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Simple Equations Help Monitor Mammography False-Positive Rates

December 1, 2009
Written by: , Filed in: Breast Imaging
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Before mammography practices can attempt to reduce the rate of false-positive interpretations, they must first determine how to measure and monitor their false-positive rates.

In both screening and diagnostic mammography, a false-positive assessment is defined as one of the following:

  • no known tissue diagnosis of cancer within one year after a positive screening examination;
  • no known tissue diagnosis of cancer within one year after a recommendation for biopsy or surgical consultation on the basis of a positive exam; and
  • benign tissue diagnosis within one year after recommendation for biopsy on the basis of a positive exam.

Before mammography practices can attempt to reduce the rate of false-positive assessments, they must first determine how to measure and monitor their false-positive rates.

Screening Mammography
With screening mammography, the recall rate can be measured to determine whether the false-positive rate is being impacted by some intervention. The recall rate is defined as the percentage of recalled cases due to screening mammography divided by the total number of exams. “Recalled cases” include the following categories in the Breast Imaging Reporting and Data System (BI-RADS) cases: BI-RADS categories 0, 4, and 5.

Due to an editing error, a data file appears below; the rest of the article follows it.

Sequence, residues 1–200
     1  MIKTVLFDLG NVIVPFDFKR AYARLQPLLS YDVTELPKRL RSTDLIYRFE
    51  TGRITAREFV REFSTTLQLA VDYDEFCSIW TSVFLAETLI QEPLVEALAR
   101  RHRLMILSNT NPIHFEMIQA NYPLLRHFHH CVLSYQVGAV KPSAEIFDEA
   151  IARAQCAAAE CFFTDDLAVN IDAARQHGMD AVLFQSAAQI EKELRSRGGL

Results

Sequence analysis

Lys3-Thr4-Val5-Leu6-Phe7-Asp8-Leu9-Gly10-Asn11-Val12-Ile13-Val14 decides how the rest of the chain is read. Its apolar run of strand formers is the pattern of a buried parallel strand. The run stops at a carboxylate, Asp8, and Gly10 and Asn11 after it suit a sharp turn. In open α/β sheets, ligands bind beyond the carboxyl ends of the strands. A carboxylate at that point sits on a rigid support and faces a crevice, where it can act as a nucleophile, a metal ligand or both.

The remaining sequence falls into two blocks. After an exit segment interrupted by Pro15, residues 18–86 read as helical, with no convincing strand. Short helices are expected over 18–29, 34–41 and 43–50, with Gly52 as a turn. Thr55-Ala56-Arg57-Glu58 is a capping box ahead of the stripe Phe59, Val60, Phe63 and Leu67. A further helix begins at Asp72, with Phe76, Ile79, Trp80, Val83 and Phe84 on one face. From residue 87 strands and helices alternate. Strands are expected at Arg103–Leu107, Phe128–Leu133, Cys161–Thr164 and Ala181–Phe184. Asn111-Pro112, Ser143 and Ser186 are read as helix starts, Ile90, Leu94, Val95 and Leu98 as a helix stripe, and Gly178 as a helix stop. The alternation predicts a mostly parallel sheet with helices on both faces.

Another way to define the recall rate is the number of cases that are truly cancer divided by the number of recalls. Both definitions give insight into false-positive rates in the screening setting.

Diagnostic Mammography
In diagnostic mammography, the tissue diagnosis rate and/or the biopsy rate can be monitored to determine an intervention’s impact on the false-positives. The tissue diagnosis rate is defined as the number of positive tissue diagnoses divided by the number of exams. The biopsy rate is defined as the number of cancers divided by the number of biopsies.

Audits
In common practice, most audits measure the recall rate for screening mammography and the number of cancers divided by the number of biopsies for diagnostic mammography. If you prefer, you could measure the other approaches equally as well.

Reference
Edward Sickles, MD:
Measuring the False-Positive Rates for Screening and Diagnostic Mammography.

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